Cardiac Arrest in an 8-Year-Old

An 8-year-old previously healthy male was brought to the Emergency Department (ED) by Emergency Medical Services (EMS) after he collapsed at home. Parents reported that he was in the pool and looked unwell. As he got out of the pool and started running toward the house, he suddenly fell to the ground. His mother, a nursing student, noted that he was pulseless and started cardiopulmonary resuscitation (CPR). When EMS arrived, he was obtunded, but had palpable pulses. In the ambulance, he was initially bradycardic, then developed a wide-complex tachycardia. A blood pressure was difficult to obtain.

On arrival to the ED, the patient was initially moving spontaneously. He had 2+ radial pulses bilaterally. His mental status quickly declined as he again became obtunded. Pulse oximetry was difficult to obtain. He received 4 rounds of CPR for pulseless electrical activity with momentary return of pulses each time. A limited bedside echocardiogram revealed severely decreased left ventricular systolic function. His electrocardiogram (ECG) is seen in Image 1.

Image 1

Figure 1
Image 1: ECG on arrival to the ED showed normal sinus rhythm, left axis deviation, diffuse ST segment depressions and ST elevations seen in aVR and V1.

This patient was cannulated onto venoarterial extracorporeal membrane oxygenation (VA-ECMO) in the ED and transferred to the pediatric intensive care unit (PICU). Upon arrival to the PICU, he was found to be in ventricular fibrillation consistent with torsades de pointes (Image 2) and was successfully cardioverted to sinus rhythm.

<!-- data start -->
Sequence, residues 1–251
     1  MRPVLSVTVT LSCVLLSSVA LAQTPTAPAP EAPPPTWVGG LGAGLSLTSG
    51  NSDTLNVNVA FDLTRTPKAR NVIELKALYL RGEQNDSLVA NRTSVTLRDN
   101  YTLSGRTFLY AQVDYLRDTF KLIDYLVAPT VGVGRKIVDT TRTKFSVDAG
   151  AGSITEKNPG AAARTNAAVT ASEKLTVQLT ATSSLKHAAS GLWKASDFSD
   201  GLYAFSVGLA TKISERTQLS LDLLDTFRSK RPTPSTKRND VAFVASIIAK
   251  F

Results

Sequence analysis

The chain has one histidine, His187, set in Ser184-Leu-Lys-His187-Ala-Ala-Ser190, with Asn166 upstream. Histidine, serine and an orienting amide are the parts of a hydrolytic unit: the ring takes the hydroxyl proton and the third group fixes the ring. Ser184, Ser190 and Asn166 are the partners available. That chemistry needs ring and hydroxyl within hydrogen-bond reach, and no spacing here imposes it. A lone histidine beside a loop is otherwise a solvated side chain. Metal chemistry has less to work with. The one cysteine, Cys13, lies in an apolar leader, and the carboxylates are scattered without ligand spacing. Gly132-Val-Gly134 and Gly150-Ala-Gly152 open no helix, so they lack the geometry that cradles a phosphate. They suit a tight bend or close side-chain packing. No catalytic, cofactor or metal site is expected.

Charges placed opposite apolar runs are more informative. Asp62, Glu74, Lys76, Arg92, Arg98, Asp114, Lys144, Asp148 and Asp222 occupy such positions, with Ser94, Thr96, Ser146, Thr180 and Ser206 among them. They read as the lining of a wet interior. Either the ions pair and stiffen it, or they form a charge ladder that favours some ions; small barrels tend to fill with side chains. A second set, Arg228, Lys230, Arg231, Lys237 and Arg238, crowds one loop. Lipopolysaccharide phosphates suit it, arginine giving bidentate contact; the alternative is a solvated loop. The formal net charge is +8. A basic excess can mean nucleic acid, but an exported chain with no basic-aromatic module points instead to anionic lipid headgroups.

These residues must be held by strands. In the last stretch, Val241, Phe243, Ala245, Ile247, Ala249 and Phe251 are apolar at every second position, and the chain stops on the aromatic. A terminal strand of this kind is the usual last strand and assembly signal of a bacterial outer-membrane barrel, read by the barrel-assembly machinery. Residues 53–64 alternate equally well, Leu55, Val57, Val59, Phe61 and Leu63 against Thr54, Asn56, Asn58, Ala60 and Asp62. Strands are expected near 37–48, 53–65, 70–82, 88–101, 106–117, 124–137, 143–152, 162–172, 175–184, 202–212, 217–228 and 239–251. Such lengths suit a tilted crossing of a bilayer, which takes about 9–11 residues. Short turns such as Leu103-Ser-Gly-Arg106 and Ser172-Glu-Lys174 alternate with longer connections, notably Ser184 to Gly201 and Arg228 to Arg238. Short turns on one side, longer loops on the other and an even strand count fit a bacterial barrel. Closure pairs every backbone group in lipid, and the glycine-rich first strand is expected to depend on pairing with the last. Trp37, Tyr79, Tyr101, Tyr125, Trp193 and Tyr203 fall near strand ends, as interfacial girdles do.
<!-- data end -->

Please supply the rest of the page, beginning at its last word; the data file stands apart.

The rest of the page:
Image 2

Figure 2
Image 2: Rhythm strip from the PICU showing torsades de pointes prior to and following cardioversion.

Repeat ECG in the PICU while on VA-ECMO demonstrated resolution of ST changes and prolonged QTc of approximately 520msec (Image 3).

Image 3

Figure 3
Image 3: ECG several hours after presentation, patient on ECMO: normal sinus rhythm with prolonged QTc interval (~520 ms).

His parents denied any preceding fever, congestion, myalgias, shortness of breath, vomiting or diarrhea. He had no known ingestions.

The most likely etiology of this patient's clinical course and cardiac arrest is:

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